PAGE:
Brexit uncertainty a headache for Open Championship organisers
"In hindsight would I be wanting to do Portrush in the year that we would be potentially leaving the European Union without a deal? No."
R&A chief executive Martin Slumbers admits he will be “quite pleased” when this year’s Open Championship at Royal Portrush is over after revealing the “significant concern” being caused by Brexit.
Portrush will stage the Open for the first time since 1951 from July 18-21 and tickets for the championship days at the Northern Irish venue have already sold out.
However, that decision was announced in October 2015, eight months before the referendum to leave the European Union, and the continuing uncertainty surrounding Brexit – and in particular the backstop to retain an open border on the island of Ireland – is causing headaches for golf’s governing body.
“Like every business, and I think about the Open as such, the lack of certainty about the rules, the law in which we are operating under post-March 29 has caused us significant concern,” Slumbers said.
“In hindsight would I be wanting to do Portrush in the year that we would be potentially leaving the European Union without a deal? No.
“We as a management team have spent a lot of time looking at contingencies and what we need to do. The future of the border is the number one concern. We have over 2000 containers (some from as far afield as the Middle East) to get across the Irish Sea and we start building on April 2.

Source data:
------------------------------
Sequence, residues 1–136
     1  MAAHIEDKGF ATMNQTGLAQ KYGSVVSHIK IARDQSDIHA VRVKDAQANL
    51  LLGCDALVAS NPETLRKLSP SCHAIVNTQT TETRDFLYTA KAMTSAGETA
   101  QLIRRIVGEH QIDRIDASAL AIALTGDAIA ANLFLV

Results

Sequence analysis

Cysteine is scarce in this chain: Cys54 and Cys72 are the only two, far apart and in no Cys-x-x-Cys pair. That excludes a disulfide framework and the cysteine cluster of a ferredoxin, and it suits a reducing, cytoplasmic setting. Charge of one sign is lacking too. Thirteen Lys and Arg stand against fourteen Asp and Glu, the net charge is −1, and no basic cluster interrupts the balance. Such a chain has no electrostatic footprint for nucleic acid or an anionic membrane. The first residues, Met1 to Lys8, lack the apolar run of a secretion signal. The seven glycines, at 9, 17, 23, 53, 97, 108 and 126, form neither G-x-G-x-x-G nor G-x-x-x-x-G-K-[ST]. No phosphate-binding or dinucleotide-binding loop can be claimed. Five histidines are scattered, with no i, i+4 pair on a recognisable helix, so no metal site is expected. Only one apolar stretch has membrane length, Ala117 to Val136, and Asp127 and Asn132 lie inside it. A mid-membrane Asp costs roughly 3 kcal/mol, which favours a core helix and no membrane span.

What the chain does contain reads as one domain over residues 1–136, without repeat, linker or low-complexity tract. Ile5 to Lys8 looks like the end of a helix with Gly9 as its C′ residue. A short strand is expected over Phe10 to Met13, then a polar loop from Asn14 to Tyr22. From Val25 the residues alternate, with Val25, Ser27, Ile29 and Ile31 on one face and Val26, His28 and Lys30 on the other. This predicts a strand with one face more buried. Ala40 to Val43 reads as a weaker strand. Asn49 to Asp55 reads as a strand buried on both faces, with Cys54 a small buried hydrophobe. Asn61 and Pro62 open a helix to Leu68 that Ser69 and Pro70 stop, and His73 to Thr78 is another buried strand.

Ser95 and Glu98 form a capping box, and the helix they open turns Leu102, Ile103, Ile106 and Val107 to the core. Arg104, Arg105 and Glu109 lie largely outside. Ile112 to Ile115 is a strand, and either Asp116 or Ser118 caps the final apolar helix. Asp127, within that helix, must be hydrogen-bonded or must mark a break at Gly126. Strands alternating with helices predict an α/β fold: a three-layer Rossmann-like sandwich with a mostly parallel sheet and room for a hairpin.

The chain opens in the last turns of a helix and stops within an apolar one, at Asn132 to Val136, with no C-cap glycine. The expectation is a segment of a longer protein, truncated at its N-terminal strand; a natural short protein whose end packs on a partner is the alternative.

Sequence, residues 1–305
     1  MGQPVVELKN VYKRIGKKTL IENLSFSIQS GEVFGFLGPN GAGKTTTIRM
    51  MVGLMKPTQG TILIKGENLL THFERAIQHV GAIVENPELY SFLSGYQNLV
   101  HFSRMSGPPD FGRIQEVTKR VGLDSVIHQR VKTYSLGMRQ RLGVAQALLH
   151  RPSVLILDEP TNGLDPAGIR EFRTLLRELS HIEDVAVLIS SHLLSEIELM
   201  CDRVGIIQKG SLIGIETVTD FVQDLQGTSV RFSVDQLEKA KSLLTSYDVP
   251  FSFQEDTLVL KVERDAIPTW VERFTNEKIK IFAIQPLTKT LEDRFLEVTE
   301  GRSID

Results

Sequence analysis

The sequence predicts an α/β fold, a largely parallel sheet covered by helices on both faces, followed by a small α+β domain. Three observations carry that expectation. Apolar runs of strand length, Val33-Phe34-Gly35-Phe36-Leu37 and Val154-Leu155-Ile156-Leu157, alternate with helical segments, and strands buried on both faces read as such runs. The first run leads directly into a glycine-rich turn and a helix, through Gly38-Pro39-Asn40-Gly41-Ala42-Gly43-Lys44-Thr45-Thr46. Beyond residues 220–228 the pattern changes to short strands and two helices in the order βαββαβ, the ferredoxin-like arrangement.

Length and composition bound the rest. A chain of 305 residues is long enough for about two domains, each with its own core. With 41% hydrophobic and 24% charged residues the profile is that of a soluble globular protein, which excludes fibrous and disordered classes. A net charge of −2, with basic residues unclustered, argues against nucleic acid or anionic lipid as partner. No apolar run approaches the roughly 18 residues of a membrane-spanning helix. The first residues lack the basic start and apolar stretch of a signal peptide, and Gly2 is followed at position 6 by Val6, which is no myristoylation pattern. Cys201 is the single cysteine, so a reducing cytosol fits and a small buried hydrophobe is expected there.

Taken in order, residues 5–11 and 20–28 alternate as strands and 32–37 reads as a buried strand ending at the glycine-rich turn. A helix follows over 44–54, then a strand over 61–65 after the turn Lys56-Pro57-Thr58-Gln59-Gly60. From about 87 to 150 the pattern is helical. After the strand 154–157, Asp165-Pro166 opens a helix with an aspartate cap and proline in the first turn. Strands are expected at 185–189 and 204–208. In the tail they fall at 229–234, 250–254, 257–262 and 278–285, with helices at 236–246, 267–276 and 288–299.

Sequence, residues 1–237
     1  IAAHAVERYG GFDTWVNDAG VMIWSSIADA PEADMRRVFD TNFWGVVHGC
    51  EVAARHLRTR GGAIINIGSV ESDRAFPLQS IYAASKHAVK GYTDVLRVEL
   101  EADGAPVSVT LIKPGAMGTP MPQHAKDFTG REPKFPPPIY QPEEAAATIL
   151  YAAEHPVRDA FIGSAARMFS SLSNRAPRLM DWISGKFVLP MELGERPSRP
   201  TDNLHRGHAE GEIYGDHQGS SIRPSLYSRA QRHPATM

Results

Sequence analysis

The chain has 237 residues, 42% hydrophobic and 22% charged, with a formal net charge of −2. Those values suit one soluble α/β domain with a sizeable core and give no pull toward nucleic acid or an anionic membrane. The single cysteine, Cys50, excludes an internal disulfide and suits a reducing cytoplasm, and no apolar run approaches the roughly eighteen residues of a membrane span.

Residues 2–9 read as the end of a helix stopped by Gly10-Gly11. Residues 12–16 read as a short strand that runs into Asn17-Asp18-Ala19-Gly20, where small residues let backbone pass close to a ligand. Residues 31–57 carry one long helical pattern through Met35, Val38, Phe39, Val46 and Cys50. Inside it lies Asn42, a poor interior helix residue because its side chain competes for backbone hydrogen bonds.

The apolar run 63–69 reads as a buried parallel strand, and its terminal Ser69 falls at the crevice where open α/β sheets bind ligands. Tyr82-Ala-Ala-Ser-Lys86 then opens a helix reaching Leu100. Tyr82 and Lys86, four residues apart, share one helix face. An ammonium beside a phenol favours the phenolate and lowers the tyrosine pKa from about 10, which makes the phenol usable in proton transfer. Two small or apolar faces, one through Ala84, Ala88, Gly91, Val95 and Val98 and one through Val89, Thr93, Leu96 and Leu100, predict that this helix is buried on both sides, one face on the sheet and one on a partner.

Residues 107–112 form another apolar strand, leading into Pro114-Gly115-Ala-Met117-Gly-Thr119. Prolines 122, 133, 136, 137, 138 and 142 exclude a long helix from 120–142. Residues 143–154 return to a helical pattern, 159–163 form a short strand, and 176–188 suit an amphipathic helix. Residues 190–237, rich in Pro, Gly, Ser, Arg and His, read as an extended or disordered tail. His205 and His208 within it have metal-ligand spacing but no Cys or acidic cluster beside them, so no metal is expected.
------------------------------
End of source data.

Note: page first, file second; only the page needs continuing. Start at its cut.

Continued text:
“We have engagement with ministers and Parliament but the concern is all around certainty. If you know the rules you’re playing by then you can play, you optimise what you’ve got.
#Breaking Prime Minister Theresa May has told the House of Commons that, if her Brexit deal is rejected, MPs will be offered two separate votes by March 13 on whether the UK leaves with no deal or delays Brexit beyond March 29 pic.twitter.com/irYRjACxRI— PA Media (@PA) February 26, 2019
“The problem is we don’t know whether to reschedule to bring all our containers in through Dublin, whether to move them through Belfast, whether to ship them out of the UK now.
“It doesn’t threaten the staging, we will make it happen. It’s just more complex than we anticipated. For the insiders it’s a bit harder but for everyone outside it won’t impact at all, they won’t notice.
“We are fully sold out for the championship days and 70 percent of the spectators are Irish. I think it will be very noisy and pretty exciting, especially if a few Irish players start to really perform.”
He added: “We have a lot of material to move over there and we are determined to put on the best Open as we possibly can. It will be a commercially successful staging that will add a venue that is well through the 200,000 attendance mark that until recently we only used to get at St Andrews.
“That’s important to me because big-time sport needs big-time crowds. We’ve had that at the last couple of Opens and we’re certainly going to get that in July.”
Brexit is not the only cause for concern for the championship organisers, with Portrush having built two new holes to accommodate the tented village on what used to be the 17th and 18th on the Dunluce links.
“Someone said to me when I was out for the Latin American amateur championship ‘You must be looking forward to Portrush’ and I said well actually I’ll be quite pleased when it’s over,” Slumbers added.
“We’ve never done an Open where we have to get all our stuff across the sea, we’ve never done an Open in Portrush, but the biggest thing is we’ve got a golf course that off the Open tees nobody has played with a card in their hand.
“So course set up, which is at the end of the day is my number one concern and responsibility, is with a complete blank canvas. We’ll be there a lot on the golf course working out how we think they’re going to play it and we’ve had a few Tour caddies there helping talk through how they think their players will play.”